Tuesday, November 4, 2014

A thinker who doesn’t like to lead

Hi Katalusis readers,

Just so you know, I did my duty this morning and voted. Afterward, I backtracked to yesterday's Washington Post and found confirmation for what I've long suspected:  being a thinker is not enough for the president of the United States - other qualities are required. 


Pundits are just now discovering a major difference between Presidents Barack Obama and George W. Bush, as cited by Eilperin and Nakamura at the Washington Post: “Bush is a leader who didn’t like to think,” said Ian Bremmer, president of the Eurasia Group, a global political risk-management firm. “Obama is a thinker who doesn’t like to lead.”

In their article titled Where did Obama go wrong? Eilperin and Nakamura write:

The week after his reelection, President Obama was a man full of promise and promises: His job-approval rating stood at 54 percent, the 2010 tea party wave that had knocked his first term off balance appeared to have receded, and he seemed as sober about the future as he was hopeful.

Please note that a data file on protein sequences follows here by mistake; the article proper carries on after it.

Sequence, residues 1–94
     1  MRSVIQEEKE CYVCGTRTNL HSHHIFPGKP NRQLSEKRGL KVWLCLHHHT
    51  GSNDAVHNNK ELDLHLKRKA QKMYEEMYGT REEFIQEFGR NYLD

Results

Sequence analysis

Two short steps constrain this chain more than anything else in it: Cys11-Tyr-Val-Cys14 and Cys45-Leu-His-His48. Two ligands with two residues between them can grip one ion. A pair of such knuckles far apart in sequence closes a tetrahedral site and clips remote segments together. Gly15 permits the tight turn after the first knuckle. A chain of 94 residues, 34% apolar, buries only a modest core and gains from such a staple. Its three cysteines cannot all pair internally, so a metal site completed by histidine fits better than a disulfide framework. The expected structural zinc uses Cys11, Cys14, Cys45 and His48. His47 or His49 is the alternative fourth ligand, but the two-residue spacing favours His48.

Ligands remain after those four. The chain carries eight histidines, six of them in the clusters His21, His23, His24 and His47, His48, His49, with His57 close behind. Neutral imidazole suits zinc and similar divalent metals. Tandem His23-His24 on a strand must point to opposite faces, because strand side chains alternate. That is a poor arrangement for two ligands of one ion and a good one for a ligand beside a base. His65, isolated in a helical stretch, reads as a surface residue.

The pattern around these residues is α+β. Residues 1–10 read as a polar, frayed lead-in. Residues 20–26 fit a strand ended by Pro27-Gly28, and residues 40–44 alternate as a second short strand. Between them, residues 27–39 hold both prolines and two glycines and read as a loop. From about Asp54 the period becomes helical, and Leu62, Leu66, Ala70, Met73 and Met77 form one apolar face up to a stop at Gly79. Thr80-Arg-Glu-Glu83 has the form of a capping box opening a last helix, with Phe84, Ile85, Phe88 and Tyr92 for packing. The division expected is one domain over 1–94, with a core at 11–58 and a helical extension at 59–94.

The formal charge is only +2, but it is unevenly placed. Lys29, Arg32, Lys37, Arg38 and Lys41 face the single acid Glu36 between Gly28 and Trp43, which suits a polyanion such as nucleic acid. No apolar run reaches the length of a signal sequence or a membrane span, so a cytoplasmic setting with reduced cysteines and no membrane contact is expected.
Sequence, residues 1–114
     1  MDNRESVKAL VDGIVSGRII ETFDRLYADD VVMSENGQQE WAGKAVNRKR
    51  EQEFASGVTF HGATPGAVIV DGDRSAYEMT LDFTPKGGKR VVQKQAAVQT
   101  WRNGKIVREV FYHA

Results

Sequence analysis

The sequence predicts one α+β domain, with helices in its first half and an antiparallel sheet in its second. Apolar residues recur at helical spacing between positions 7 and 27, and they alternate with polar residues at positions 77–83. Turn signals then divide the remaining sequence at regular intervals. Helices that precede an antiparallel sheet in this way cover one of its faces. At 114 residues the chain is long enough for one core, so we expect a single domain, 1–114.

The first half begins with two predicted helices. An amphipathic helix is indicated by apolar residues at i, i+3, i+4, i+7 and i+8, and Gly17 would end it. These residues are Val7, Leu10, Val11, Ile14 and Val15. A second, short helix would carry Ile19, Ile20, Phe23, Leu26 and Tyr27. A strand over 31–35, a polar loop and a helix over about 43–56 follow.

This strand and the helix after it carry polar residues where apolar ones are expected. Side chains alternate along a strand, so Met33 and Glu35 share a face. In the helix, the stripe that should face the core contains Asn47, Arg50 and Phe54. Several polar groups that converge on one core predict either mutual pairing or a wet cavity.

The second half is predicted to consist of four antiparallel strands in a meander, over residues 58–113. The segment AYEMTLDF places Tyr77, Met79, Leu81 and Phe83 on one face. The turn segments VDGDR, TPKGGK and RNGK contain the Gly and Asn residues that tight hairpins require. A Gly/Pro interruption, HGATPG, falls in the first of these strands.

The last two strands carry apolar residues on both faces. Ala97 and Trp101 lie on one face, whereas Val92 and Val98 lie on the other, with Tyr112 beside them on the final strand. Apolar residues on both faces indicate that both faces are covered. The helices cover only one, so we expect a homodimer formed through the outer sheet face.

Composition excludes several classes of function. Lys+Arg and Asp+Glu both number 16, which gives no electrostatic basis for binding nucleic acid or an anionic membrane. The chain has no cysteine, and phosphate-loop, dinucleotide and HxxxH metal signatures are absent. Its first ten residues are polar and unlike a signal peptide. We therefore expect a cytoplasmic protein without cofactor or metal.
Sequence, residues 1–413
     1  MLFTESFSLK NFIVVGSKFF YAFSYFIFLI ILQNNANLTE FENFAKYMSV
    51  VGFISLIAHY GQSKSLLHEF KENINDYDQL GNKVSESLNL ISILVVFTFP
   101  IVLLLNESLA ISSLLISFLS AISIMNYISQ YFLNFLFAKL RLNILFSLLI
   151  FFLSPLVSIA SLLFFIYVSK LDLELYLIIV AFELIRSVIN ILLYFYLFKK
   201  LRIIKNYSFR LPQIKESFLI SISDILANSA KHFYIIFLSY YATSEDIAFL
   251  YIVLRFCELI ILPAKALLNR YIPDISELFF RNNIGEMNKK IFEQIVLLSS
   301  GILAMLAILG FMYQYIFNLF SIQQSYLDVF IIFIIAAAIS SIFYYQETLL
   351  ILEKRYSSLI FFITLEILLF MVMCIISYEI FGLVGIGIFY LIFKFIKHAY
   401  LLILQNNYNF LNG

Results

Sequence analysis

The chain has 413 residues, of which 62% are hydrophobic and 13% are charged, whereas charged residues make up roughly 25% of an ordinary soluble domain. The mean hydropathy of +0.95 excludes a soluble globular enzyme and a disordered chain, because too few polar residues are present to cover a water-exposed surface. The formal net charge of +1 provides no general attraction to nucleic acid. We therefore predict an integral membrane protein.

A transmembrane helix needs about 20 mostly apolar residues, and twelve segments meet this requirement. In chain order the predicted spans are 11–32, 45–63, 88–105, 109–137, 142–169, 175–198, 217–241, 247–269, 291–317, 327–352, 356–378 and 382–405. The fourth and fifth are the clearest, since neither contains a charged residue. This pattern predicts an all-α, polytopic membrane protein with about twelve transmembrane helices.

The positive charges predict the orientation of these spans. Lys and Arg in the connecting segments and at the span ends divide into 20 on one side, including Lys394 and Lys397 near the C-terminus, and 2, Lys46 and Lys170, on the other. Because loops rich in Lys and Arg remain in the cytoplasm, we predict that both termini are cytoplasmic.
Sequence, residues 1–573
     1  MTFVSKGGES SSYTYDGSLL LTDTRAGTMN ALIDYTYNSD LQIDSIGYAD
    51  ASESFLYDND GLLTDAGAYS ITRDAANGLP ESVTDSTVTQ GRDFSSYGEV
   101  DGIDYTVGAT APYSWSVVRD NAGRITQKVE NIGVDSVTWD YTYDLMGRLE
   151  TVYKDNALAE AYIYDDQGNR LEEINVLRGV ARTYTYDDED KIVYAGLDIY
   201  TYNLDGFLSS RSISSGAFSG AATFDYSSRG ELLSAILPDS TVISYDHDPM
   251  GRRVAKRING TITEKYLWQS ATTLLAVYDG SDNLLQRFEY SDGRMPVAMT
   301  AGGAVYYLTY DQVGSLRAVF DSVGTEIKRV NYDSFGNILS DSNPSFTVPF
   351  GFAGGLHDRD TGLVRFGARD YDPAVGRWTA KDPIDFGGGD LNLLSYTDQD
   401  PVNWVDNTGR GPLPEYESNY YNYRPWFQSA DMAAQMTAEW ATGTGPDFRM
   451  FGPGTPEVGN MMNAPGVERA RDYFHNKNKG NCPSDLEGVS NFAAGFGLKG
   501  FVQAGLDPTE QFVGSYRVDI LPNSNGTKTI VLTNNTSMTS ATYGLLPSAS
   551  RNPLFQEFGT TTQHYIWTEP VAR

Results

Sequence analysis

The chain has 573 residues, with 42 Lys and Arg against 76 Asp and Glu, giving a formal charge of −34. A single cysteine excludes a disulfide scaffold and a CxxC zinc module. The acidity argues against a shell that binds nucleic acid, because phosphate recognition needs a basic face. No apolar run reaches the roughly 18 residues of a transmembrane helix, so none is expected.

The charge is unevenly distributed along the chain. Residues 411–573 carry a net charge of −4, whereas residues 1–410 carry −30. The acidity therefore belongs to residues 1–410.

“With respect to the issue of mandate, I’ve got one mandate . . . to help middle-class families and families that are working hard to try to get into the middle class,” he said at a news conference in the East Room of the White House in November 2012. Obama acknowledged the dangers of “presidential overreach in second terms,” but he put forward an expansive, legacy-building agenda: a major fiscal deal, immigration reform and action on climate change.

Two bruising years later, he has registered progress only on addressing climate change, and a president who once boasted of a barrier-breaking liberal coalition is under fire from his own party as his Republican rivals are poised to make gains in Tuesday’s midterm elections.

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